But how did it all start? Her parents, Jewish immigrants, had wanted her to be a boy. And because of this, they set an expectation for their daughter the same as they would have for a son.
Polykoff was raised to learn how to earn money. In Jewish culture, the word is fardiner. And fardiner translates into being a ‘money-earner’ and typically a male role within a family.
Young Polykoff rose to this challenge with enthusiasm. Dressing as a boy she, along with thousands, headed out to find work. Her first job at age 11 (1919) was selling women’s’ coats.
In 1920, Campbell Soup held an advertisement competition. They wanted a new ad. Twelve-year-old Polykoff entered, but didn’t win. However, the letter from Campbell Soup seems to have sparked an idea in her. The idea that people made a living writing ads.
And so, a seed took root.
“Rhinestones, a girl’s next best friend”- the start of sassy sales slogans
Polykoff kept writing. In 1929, she was writing successful ad copy for a Brooklyn store.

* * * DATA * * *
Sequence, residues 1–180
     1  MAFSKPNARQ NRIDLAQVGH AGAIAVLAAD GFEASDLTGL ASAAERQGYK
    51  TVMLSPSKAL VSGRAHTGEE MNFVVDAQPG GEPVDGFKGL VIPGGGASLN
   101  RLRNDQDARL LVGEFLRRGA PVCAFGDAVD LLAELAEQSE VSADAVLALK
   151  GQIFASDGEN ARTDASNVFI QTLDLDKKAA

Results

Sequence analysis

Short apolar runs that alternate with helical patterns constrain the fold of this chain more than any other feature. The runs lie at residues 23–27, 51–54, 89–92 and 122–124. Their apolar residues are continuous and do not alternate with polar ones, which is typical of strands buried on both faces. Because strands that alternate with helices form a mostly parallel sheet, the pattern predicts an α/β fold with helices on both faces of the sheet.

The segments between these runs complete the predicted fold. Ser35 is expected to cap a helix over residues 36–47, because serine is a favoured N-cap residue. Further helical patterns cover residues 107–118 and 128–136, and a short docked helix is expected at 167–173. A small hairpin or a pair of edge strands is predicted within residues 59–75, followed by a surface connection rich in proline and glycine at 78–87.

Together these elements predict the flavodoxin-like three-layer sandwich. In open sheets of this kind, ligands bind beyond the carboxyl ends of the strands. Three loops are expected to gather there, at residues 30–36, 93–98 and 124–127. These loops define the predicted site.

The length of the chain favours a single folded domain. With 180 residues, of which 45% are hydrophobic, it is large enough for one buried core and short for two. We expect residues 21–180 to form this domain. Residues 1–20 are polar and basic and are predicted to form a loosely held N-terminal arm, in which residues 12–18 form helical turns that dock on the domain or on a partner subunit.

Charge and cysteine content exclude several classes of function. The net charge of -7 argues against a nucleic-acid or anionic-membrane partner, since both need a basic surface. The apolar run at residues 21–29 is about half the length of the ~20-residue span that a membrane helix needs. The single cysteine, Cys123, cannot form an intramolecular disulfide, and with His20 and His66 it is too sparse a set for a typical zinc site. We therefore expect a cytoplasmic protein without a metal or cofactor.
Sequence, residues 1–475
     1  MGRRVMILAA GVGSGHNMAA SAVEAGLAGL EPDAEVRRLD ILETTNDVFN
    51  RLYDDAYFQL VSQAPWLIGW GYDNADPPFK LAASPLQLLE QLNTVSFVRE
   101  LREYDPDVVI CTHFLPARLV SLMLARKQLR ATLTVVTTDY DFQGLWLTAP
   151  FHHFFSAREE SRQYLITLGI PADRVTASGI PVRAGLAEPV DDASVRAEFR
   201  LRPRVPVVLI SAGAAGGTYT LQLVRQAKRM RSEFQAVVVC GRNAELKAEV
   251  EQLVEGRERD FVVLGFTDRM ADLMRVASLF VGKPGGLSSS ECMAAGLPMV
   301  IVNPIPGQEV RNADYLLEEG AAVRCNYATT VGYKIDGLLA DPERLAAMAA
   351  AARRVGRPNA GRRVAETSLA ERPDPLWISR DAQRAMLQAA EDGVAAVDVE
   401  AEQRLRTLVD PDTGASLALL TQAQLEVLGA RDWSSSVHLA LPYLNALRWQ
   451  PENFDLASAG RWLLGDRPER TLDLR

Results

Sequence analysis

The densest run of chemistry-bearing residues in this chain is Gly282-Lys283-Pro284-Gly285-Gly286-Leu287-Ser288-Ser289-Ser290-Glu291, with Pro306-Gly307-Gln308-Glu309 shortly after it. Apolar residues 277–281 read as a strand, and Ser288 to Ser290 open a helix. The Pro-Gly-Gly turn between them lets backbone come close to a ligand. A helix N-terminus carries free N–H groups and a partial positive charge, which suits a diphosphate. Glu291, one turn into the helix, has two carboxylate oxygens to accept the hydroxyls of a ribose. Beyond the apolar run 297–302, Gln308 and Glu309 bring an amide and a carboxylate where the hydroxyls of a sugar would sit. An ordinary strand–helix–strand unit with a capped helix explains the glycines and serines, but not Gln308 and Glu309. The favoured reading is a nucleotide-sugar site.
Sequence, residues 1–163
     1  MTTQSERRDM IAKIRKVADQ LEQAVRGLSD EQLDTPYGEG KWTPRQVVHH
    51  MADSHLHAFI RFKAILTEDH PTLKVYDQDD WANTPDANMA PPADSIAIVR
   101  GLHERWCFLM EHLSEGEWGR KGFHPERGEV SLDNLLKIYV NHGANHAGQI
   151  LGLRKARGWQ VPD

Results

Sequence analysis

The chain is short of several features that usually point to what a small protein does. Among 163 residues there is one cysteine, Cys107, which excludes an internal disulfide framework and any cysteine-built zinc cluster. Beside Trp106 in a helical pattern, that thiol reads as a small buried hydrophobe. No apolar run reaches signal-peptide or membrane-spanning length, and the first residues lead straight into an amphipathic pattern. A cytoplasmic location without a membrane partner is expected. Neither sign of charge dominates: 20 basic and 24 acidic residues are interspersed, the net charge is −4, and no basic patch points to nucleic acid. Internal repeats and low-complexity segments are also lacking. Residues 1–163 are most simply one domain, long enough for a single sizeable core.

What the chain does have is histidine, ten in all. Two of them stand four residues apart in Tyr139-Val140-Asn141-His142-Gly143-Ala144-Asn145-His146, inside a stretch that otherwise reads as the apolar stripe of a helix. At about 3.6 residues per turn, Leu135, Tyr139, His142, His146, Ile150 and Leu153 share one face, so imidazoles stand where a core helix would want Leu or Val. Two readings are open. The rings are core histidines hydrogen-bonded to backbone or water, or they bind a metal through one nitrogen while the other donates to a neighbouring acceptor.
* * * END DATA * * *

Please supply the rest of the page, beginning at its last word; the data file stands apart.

Some of her keys lines including “Rhinestones, a girl’s next best friend” meant early success. Her income went $19/week to almost $80/week. Pretty good for a young, female copywriter during the Depression!
She continued. She became a popular copywriter for other leading department stores in New Jersey.
Fast forward just a bit. Polykoff marries in 1933, has two daughters over the next few years, and always keeps working. Not the average woman for her times.
Then, in 1955, when she was about 45 years old, Polykoff joined Foote, Cone & Belding, a New York advertising firm.
They had a new account, Clairol.
This became the turning point for Polykoff’s future.
Clairol – the game changer that almost didn’t happen
Her spontaneous, and provocative, slogan for Clairol opened the door for everyday women to think about changing more than just their hair colour. After all, if the American dream shouted the right to freedom, to have a fresh beginning or reinvent oneself – why weren’t more women living the American dream?
At the time only 7% of women coloured their hair. Hair dye had an immoral tinge to it. Only ‘cheap’ women or actresses dyed their hair. ‘Good’ women did not. If women were dying their hair – it was a deep deep secret and done at home.
Clairol wanted something new, fresh, something magical to increase sales. Yet, success almost didn’t happen.
The team meetings for the Clairol campaign were struggling. Polykoff, who was taking notes during a meeting starting scribbling out her ideas.